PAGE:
Stephanie Forner(She/Her)

Stephanie Forner(She/Her) is a volunteer for Lambert House.

When you came out the first time, what made you feel safe to do so? 

I came out a number of times, I’m not sure I ever truly equated coming out with safety. The first time I really came out to someone other than myself was to my closest friend. She was a relatively religious individual who I’d known since I was twelve. My friendship had always been a safe haven to me of sorts, I never really had a doubt that telling her would end badly. It didn’t. So ultimately, I think what made me feel safe to do so was finding someone who had always accepted me for me, and understanding that it was likely said person wouldn’t suddenly change after ten years. When I finally came out to my parents that was a different story, I refused to ever tell my family until I’d met someone I was sure I’d spend forever with. So in that case what made me feel safe was my girlfriend (now my spouse). She made me feel strong and independent and prepared to face whatever their reaction was.

How do you ally yourself with others who are a part of the LGBTQ+ community?

I’m not entirely sure the best way to answer this, perhaps because I don’t know exactly what it means. If it means how do I build friendships and relationships with LGBTQ+, the answer is honestly I don’t do it intentionally. Most of the LGBTQ+ I’ve met occurred naturally, since coming out to my friends and family I decided to be upfront and forthright about who I was, about my sexuality. I spoke about my relationship openly with my wife and in doing so I think I naturally found my way to others like me who wanted to also to wanted to do the same. I shared my life and I think the friendships and allies I’ve made along the way happened because I was honest and open.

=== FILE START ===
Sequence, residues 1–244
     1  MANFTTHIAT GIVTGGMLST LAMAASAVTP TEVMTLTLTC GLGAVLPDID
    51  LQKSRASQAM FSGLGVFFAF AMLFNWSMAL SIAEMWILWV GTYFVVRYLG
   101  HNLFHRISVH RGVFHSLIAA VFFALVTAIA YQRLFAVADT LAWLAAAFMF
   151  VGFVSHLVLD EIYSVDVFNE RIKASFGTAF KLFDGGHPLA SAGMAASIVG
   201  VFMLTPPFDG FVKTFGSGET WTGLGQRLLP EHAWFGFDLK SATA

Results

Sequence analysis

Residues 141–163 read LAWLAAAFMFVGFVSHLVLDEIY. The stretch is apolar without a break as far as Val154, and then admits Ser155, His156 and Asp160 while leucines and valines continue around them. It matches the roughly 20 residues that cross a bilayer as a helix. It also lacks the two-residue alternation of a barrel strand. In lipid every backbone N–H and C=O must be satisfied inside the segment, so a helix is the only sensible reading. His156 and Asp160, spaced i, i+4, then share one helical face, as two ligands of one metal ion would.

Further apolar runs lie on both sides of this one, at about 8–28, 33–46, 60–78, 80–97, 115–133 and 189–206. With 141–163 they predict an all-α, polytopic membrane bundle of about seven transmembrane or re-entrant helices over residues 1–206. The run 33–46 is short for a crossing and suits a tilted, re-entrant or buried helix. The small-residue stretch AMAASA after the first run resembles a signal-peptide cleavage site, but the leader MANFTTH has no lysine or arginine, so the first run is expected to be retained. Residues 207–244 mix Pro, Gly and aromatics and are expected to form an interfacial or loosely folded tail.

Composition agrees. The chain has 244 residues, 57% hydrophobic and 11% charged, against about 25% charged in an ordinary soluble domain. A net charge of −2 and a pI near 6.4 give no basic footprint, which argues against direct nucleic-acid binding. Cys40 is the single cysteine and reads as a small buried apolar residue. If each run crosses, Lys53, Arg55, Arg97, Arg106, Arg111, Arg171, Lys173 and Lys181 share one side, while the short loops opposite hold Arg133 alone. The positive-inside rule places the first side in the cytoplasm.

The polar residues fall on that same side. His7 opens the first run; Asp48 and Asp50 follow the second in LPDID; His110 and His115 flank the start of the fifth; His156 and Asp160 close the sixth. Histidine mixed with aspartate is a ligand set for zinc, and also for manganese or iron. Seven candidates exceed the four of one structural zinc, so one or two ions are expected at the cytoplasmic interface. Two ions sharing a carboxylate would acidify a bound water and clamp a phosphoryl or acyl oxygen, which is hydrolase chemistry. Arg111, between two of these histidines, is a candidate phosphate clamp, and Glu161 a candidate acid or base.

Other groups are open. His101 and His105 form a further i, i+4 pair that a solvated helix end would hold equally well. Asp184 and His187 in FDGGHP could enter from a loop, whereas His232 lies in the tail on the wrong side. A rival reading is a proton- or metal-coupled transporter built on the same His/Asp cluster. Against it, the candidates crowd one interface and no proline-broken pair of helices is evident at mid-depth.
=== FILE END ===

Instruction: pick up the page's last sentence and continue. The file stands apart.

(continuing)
How do you educate people about the LGBTQ+ community? 

I think for me the most important aspect of education is making sure the person I’m educating WANTS to be educated. For example, while I’ve certainly attempted to educate my folks regarding LGBTQ+, at the end of the day their still uber conservatives who think people like me are going to a bad place. Now, for people who actually want to learn, I tell them the truth, I’m open and transparent about life as an LGBTQ+. I tell them what they want to know and always begin with ask whatever you want, because it’s more offensive when assumptions are made. I find that while I get a lot of “typical” questions (who’s the guy in the relationship), ultimately it all comes from a place of wanting to be better. In return I find situations where I can ask questions and learn in return, so I always try and keep it an open and active conversation.

 How do you educate people about intersectionality in the LGBTQ+ community?

This is another situation where I’m brutally honest, unfortunately racism, transphobia and sexism still exist in even in the LGBTQ+ community, you see flamboyant young men who get picked on for being to feminine, butch lesbian who are too masculine. Ultimately when people ask about it, I do mention it’s part of a reality, we don’t have to like it, and I certainly don’t condone it, rather I try to encourage people to look at things from another perspective. There are so many cultures and backgrounds for us to appreciate and diversity already in our LGBTQ+, we should embrace our differences rather than judge or point them out.

What resources would you recommend for LGBTQ+ youth who have questions?